Giant Robo couldn’t have unlikelier origins: it was derived from a 1960s-era schlock TV show about a kid and his giant flying robot, faced long and extremely difficult production problems that held up its completion, and was among the last of the major direct-to-video animated projects released in Japan. And yet this is one of the very best anime ever made, of an ambition and a scope that dwarfs many longer-running releases. Years after seeing it for the first time, it still feels fresh and new—it’s terrifically entertaining on the surface, and then you dig a little deeper and see that there is a real heart beating inside.
Giant Robo was the very first animated series I ever remember seeing, as opposed to standalone productions like Akira. It was an OAV (Original Animated Video), a direct-to-video product with a higher per-episode budget than TV shows. Such products could only recoup their production costs through direct sales on VHS or LaserDisc. Given that OAVs cost anywhere from ¥5,000 to ¥12,000 ($42 to $100 or more), the continued devotion of the hardcore anime lovers was what kept them going. Then the OAV market collapsed along with Japan’s bubble economy in general, and until very recently anime only survived through broadcast TV productions or theatrical releases. The direct-to-video market became the province of ultra-cheap gangster / crime / sex thrillers (much like the endless Basic Instinct knockoffs that filled video shelves over here through the Nineties), but many of the OAVs found a second life here in the USA as the market for professionally-released anime editions exploded.
It wasn’t until digital production assistance techniques and the DVD explosion came along that the OAV world started to come back to life. It’s still rough territory, but there is now a market where before there was nothing at all. All of this makes Giant Robo that much more impressive; it was animated in a lavish style that’s more reminiscent of a theatrical feature than a direct-to-video production, and done in the old-school painted-cel format rather than the computer-based systems that were just then coming into vogue courtesy of productions like Macross Plus. The look of the show is not quite like anything before or since: imagine, if you can, the retro-deco futurism of Sky Captain as seen by 1920s Japanese eyes.
The story begins—although I must emphasize that it only begins—with a classic pulp-SF setup of good versus evil. Battling for the side of light are the Experts of Justice, a collection of multi-powered heroes who blend their strengths as needed to keep Earth safe. The darkness is personified in Big Fire, a terrorist organization that will stop at nothing but total global control. The world they are clashing over is very much like ours, but with cooler-looking graphics and hardware, and one key technological innovation: the Shizuma Drive, a clean source of power that’s like cold fusion and zero-point energy rolled into one. The Nobel-prize winner who invented the drive, Dr. Shizuma himself, has just ended up on Big Fire’s hit list, and in the very first scenes of the series there is a battle to save him that wrecks most of Shanghai. (Put this first scene on for prospective anime fans, and if they’re not immediately hooked, something is clearly wrong with them.)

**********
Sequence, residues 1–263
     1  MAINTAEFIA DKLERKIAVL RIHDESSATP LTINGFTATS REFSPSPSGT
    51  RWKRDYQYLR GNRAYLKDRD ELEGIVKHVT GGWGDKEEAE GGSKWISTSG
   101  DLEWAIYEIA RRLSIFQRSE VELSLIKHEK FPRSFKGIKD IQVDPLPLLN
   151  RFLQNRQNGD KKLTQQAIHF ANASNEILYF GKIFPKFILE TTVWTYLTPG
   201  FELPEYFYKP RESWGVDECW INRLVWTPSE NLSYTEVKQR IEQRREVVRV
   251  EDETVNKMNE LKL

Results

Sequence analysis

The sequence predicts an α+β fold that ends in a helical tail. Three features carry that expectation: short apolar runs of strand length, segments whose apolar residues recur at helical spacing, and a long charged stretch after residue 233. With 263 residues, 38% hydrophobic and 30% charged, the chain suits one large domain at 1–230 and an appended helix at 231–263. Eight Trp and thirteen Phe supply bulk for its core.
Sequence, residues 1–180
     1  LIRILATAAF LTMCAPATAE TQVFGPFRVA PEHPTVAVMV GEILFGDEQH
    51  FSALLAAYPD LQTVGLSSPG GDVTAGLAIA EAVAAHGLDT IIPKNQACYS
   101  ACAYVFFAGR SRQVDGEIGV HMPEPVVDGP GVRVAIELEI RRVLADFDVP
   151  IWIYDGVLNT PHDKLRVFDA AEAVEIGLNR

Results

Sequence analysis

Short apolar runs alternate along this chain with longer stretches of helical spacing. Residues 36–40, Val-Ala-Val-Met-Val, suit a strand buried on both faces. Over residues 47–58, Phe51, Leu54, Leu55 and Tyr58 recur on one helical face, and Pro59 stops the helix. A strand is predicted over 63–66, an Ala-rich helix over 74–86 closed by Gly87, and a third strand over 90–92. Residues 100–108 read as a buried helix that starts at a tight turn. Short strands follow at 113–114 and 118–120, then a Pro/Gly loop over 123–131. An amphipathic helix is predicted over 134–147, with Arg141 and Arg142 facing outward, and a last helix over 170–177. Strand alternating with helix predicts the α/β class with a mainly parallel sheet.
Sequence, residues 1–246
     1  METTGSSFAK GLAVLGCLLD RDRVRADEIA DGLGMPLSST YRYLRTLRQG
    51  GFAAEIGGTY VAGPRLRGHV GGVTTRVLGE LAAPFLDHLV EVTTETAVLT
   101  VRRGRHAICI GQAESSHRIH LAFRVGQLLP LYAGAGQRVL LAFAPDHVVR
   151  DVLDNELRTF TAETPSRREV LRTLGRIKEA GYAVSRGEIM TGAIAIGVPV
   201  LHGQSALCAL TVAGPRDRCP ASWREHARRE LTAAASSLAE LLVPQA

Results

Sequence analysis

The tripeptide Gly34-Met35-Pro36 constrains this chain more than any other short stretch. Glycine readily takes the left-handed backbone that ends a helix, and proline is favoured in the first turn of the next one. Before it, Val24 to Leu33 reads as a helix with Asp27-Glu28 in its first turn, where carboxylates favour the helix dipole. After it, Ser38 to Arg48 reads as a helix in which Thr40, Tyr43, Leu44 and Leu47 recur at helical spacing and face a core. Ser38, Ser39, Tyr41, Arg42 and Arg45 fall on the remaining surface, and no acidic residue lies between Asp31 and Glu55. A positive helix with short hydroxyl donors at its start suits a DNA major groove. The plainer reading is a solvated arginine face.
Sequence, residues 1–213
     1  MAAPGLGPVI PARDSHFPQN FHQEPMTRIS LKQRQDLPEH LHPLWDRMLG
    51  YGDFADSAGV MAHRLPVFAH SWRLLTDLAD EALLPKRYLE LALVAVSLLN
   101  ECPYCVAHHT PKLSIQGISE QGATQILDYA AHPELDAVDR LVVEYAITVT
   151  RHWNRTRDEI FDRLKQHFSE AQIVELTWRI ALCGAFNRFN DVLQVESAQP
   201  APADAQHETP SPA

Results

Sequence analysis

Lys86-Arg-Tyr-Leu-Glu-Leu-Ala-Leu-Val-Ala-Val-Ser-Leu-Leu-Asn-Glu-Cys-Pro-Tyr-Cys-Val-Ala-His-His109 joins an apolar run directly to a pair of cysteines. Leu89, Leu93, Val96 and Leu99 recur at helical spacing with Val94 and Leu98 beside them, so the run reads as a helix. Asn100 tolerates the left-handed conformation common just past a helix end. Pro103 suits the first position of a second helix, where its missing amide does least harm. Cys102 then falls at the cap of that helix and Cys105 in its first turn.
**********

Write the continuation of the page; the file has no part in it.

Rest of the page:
The fight to recover Dr. Shizuma is successful, but Shizuma himself has been steadily sliding into madness. He sees monsters in the shadows, all taking the form of a dead colleague who worked with him on his great creation (and whom he quite possible stole some thunder from). Most puzzling is the briefcase he carries, which contains what appears to be a Shizuma drive—but when plugged in, it causes every other Shizuma drive for miles around to malfunction and plunges the city into darkness. (It does not affect Giant Robo, however, for reasons that become crucially important later on.) Then Shizuma himself dies, Big Fire make clear the full extent of their plans to the world, and the rest of the story becomes a nearly nonstop blast of action.
Several of the Experts of Justice swim out of the chaos and into view. There is Yoshi, a giant wild boar of a man with trick battle-axes in his sleeves; Taiso, his cooler, more cunning and dashing colleague; the pensive Professor Gô. The two most significant are Ginrei, the one female member of the crew, and Daisaku—a young boy who would not normally be among people like this if it were not for the fact that he alone can command Giant Robo, the stories-tall mecha created by his dead father and originally controlled by Big Fire. They form an uneasy substitute family for each other—not just to keep each other in line (although Ginrei never tires of doing that), but also to provide guidance and perspective. They have every reason to believe completely in what they do, and no reason to doubt that it might be built on false pretenses.